Teach for America supports local schools

Gina Zanutto
Teach for America teachers paint Donaldsonville High?School. Angela Abiodun (Avoyelles Parish Schools), Jessy Miller, Abby McCann, Lindsay Enriquez, and Caitlin Connor (Donaldsonville Primary), Meredith Eckard (Lowery Elementary), Patricia Friederich (Lowery Middle School).

Teach for America, an organization dedicated to supporting “high-need” schools by supplying qualified education professionals, has arrived in Ascension Parish after previously existing in the capitol area for 20 years.

“We began conversations with Ascension Parish over a year ago about ways we could be a partner to moving all students forward in the district,” said new Executive Director Michael Tipton. “Teach For America recognizes there is incredible need in our existing partner areas but is always open to working with new partners as we can be a strategic partner.”

A school is classified as “high need” when a certain percentage of the student population is growing up in poverty. Tipton explained that “students attending such schools are facing the additional challenges of poverty which lead many to fall behind their more affluent peers academically.”

“Our goal is to ensure that every student receives an excellent education,” Tipton said.

Teach for America recruits top students from high schools, colleges and professional sectors around the country and places these individuals in a localized training program. The average recruit has a 3.6 GPA, received a 30 on the ACT and held a variety of leadership positions. Approximately 30 percent of recruits are minorities, and 40 percent are from low-income backgrounds.

“We work closely with the district to assess their hiring needs so we can provide qualified candidates for their open positions,” Tipton said. “We also need to ensure we have the necessary financial support from public, private, foundation and corporate sources to support our corps members training and ongoing professional development.”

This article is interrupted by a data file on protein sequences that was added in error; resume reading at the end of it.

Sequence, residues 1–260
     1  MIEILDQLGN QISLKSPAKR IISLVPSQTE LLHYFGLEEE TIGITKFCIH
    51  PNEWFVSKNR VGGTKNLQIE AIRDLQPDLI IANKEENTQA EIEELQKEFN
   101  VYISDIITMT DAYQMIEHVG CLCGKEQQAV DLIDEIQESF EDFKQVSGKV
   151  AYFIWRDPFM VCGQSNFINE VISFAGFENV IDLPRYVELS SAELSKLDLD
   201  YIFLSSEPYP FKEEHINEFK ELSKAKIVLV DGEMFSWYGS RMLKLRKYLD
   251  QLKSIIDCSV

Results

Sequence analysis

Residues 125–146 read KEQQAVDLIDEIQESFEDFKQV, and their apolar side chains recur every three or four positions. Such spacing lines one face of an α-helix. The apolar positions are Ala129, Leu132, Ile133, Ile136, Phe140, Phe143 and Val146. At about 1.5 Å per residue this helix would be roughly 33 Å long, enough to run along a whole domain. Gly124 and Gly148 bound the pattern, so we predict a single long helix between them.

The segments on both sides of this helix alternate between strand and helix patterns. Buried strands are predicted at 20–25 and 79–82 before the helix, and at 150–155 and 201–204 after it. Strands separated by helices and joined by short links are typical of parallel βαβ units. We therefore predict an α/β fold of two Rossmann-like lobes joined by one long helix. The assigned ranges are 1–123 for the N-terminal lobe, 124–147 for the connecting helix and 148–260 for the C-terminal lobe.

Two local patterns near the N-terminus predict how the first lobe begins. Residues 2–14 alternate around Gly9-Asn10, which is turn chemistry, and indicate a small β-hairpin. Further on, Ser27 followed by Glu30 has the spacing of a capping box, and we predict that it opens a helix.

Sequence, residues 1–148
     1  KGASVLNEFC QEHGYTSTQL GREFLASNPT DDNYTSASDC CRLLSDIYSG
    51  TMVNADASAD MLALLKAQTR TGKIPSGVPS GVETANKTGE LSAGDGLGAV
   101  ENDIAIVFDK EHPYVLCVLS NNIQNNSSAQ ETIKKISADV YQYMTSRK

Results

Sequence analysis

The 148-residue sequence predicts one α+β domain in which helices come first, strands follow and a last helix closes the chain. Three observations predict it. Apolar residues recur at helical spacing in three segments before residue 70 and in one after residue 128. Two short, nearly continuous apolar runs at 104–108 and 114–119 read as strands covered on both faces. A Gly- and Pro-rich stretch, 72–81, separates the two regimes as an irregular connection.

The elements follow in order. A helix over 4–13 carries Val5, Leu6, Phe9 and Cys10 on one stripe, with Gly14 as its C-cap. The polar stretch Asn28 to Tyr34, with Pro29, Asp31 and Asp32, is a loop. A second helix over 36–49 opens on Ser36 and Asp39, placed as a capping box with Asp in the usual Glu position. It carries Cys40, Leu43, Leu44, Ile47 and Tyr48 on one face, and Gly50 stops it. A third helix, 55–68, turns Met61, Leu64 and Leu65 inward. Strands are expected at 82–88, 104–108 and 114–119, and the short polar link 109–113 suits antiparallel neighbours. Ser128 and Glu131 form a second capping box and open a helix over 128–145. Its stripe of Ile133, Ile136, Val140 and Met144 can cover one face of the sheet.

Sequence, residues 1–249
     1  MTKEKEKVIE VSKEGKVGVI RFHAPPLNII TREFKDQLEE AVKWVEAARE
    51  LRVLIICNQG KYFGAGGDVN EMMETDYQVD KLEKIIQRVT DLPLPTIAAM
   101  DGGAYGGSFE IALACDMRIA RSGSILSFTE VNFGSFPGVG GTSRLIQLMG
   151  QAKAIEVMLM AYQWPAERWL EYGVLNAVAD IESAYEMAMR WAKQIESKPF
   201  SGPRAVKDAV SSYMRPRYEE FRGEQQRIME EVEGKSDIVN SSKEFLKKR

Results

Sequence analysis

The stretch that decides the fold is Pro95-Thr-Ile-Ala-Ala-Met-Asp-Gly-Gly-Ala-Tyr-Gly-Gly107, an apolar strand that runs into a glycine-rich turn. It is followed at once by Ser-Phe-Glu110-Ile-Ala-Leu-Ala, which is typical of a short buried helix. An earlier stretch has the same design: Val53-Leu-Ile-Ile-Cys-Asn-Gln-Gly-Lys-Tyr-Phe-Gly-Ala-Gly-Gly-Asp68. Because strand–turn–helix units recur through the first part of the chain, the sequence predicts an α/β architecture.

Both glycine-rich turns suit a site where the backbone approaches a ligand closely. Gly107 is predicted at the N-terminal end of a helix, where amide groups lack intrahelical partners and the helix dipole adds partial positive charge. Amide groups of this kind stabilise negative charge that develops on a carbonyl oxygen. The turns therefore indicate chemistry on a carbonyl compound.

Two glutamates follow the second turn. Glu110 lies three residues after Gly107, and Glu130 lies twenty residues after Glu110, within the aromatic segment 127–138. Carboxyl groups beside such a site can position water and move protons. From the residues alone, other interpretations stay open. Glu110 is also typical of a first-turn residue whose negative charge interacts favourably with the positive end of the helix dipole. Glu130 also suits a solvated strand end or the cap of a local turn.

In America, Louisiana included, nearly 15.5 million children are currently growing up in poverty and are experiencing setbacks at lower grade-levels. According to Tipton, half these students will not graduate from high school.

“As a Louisiana native, I care deeply about ensuring that all children get a great education in our state and that this becomes a place where young people can thrive, where businesses and opportunities can grow and where kids and grand-kids can return to,” Tipton said. “My hope is that by building the work of Teach For America together with our partners, we can build an education for all students that will make this future possible.”

Because Teach for America recruits are employed by individual schools in Ascension, they receive the same salaries and benefits as other teachers in the area. However, Teach for America teachers receive an additional two years of training, and the majority of those trained remain in the educational arena for the remainder of their individual careers.

“The state conducted a study of teacher preparation pathways here in Louisiana and found that Teach For America corps members in Louisiana were outperforming other new teachers and were as effective as veteran teachers across the state in math, science, reading, and language arts,” Tipton said.

More information about Teach for America is available at www.teachforamerica.org.